How to Build and Embed Innovation
When Edison built the world's first coal-fired power plant in lower Manhattan, there were no customers that actively demanded electricity. However, Edison was an innovator of epic proportions: a pioneer in technological applications and an expert at identifying customer needs before customers were even aware that they had them.
It is this combination of unusual technological expertise and prescient human understanding that gave birth to the utility industry, and it's a formula that remains relevant today. Here are the key best practices to build and embed Edison-inspired innovation into your operations:
Organization: Making Space for Innovation
As Steve Jobs was developing the first iMac, he recruited a team of top engineers and situated them far away from Apple's corporate offices. Free from hierarchy and layers of approval, Jobs' move paid off in spades when his vision was built and brought to market: the iMac led the personalized computing revolution and jumpstarted Apple's business trajectory.
Many companies have recognized the value of moving their innovation activities away from their core business operations, literally and figuratively. This move is built on the finding that a company cannot disrupt itself.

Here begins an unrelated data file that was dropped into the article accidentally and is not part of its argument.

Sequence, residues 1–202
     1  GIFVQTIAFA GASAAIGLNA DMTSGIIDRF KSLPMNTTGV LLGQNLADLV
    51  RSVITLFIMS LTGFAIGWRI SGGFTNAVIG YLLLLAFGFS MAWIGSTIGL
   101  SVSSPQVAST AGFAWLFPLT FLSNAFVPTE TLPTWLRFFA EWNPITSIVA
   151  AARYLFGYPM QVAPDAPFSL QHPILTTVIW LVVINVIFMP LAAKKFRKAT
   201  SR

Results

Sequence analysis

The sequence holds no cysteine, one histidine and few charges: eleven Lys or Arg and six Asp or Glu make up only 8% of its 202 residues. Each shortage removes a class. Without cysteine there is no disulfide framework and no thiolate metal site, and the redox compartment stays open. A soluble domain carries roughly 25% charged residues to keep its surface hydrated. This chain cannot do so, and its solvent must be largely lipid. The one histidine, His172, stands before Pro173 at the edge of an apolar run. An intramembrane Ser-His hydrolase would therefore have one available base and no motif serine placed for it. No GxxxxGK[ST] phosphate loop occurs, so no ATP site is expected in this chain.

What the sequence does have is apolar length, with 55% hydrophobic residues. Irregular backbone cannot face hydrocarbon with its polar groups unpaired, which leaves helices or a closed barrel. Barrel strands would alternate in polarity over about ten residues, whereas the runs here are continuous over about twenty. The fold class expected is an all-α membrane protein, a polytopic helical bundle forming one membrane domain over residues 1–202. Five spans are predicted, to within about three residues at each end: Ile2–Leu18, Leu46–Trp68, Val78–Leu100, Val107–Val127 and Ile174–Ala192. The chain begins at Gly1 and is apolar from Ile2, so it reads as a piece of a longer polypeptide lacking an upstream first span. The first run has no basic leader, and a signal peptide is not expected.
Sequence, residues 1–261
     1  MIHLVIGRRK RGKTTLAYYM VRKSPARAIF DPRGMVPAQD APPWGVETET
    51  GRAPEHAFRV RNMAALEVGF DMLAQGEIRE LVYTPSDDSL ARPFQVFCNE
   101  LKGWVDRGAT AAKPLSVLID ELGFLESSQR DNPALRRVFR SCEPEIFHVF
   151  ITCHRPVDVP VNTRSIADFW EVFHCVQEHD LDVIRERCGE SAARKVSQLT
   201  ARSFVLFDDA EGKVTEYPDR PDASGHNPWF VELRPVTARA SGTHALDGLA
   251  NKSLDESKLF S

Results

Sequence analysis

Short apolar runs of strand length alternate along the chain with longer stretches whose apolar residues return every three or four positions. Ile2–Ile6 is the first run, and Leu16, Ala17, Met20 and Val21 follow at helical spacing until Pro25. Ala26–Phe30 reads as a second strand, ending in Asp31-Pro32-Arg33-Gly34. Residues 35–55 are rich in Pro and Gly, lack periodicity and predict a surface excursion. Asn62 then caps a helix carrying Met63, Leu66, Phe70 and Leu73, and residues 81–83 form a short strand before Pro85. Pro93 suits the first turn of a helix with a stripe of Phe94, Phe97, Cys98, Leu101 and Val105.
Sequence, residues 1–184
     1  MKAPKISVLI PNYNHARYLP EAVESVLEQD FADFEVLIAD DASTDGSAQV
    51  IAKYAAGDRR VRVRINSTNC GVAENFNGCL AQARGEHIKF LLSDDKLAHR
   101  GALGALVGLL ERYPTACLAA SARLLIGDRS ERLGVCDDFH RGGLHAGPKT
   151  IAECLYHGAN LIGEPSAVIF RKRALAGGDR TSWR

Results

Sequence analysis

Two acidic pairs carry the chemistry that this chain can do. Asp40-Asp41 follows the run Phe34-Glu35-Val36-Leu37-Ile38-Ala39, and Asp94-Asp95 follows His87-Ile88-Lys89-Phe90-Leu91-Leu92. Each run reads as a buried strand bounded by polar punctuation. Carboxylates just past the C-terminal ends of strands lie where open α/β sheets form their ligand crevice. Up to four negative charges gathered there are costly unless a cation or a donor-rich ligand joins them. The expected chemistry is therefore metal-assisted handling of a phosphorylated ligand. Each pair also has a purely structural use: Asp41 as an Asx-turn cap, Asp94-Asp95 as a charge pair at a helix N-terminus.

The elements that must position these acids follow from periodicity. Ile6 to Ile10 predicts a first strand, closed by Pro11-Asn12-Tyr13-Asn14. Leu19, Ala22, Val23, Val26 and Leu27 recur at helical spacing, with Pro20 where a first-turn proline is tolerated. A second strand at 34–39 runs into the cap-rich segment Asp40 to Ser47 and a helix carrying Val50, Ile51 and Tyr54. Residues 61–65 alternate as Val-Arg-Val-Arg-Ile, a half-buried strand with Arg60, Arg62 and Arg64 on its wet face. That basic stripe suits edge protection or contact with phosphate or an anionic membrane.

Just like the human body, new elements that disrupt the organization will not be accepted but instead be fought off.
Naturally, innovation activities should be organized in line with the reason why you are innovating in the first place.
If your aim is to evolve your existing business and processes, innovation activities should be practiced within an organization, with an aim to reach every employee. Creating a separate innovation unit can increase impact, but is not a prerequisite. It is also an option to move innovation into existing business units or teams. You could utilize innovation ambassadors who provide input on dedicated projects parallel to their line responsibilities.
If you want to innovate with the aim of reinventing business models or product offerings, it's optimal to move innovation activities as far away from core business operations as possible, and even create a separate legal entity to house that innovation practice. Typically, the dedicated unit is sponsored and overseen by the CEO.
If you want to go for anything in-between, it may be time to revisit your priorities. We have observed that ambiguous innovation goals tend to yield mediocre results.
See Figure Three.
Commitment and Resources: The Framework for Success
If innovation seems like more of a 'nice to have' than a necessity, just look at Texas, where utilities are facing flat or declining margins and customer retention issues due to new market entrants.
The bottom line is this: without innovation, becoming the utility of the future is just a pipe dream. Here are a couple of key ingredients to successfully introducing and getting buy-in for an innovation agenda:
Top Level Commitment: Fostering innovation needs to be a board-level priority for ensuring organizational growth. After all, cascading innovation down into an organization requires sustained effort.
Dedicated Resources: In many cases, a Chief Innovation Officer is needed to steer internal innovation efforts, supported by a team of dedicated high performers. Often, utilities are better off hiring external experts to provide specialized capabilities, and to ensure the right balance between organizational independence and significant progress.